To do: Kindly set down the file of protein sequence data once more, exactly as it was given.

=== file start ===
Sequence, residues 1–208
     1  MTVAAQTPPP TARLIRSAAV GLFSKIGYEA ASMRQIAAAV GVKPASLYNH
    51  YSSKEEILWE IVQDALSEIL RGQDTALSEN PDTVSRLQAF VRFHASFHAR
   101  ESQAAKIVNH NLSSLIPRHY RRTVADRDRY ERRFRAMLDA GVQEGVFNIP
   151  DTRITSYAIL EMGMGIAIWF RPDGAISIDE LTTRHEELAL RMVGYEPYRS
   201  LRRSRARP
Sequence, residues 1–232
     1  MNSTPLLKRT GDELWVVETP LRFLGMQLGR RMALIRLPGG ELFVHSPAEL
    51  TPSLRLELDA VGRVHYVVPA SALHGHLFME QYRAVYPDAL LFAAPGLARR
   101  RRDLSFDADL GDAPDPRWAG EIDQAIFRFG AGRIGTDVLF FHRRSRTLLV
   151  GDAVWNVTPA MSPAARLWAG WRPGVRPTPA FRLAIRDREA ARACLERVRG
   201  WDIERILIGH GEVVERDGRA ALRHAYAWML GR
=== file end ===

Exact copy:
Sequence, residues 1–208
     1  MTVAAQTPPP TARLIRSAAV GLFSKIGYEA ASMRQIAAAV GVKPASLYNH
    51  YSSKEEILWE IVQDALSEIL RGQDTALSEN PDTVSRLQAF VRFHASFHAR
   101  ESQAAKIVNH NLSSLIPRHY RRTVADRDRY ERRFRAMLDA GVQEGVFNIP
   151  DTRITSYAIL EMGMGIAIWF RPDGAISIDE LTTRHEELAL RMVGYEPYRS
   201  LRRSRARP
Sequence, residues 1–232
     1  MNSTPLLKRT GDELWVVETP LRFLGMQLGR RMALIRLPGG ELFVHSPAEL
    51  TPSLRLELDA VGRVHYVVPA SALHGHLFME QYRAVYPDAL LFAAPGLARR
   101  RRDLSFDADL GDAPDPRWAG EIDQAIFRFG AGRIGTDVLF FHRRSRTLLV
   151  GDAVWNVTPA MSPAARLWAG WRPGVRPTPA FRLAIRDREA ARACLERVRG
   201  WDIERILIGH GEVVERDGRA ALRHAYAWML GR